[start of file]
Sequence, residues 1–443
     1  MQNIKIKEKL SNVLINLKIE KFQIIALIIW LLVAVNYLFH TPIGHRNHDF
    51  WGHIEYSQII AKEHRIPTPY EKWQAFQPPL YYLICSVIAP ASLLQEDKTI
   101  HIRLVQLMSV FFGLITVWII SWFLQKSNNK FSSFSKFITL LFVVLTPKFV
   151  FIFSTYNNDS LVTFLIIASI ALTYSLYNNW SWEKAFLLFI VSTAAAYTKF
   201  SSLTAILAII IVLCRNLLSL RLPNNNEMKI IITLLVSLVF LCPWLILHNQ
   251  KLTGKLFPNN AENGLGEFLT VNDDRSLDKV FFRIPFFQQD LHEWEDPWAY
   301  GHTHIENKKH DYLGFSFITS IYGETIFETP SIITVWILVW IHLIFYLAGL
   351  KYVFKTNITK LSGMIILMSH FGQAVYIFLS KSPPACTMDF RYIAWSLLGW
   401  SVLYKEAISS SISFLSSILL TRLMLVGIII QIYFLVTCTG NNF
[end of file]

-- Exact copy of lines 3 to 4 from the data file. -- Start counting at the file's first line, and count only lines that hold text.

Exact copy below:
    51  WGHIEYSQII AKEHRIPTPY EKWQAFQPPL YYLICSVIAP ASLLQEDKTI
   101  HIRLVQLMSV FFGLITVWII SWFLQKSNNK FSSFSKFITL LFVVLTPKFV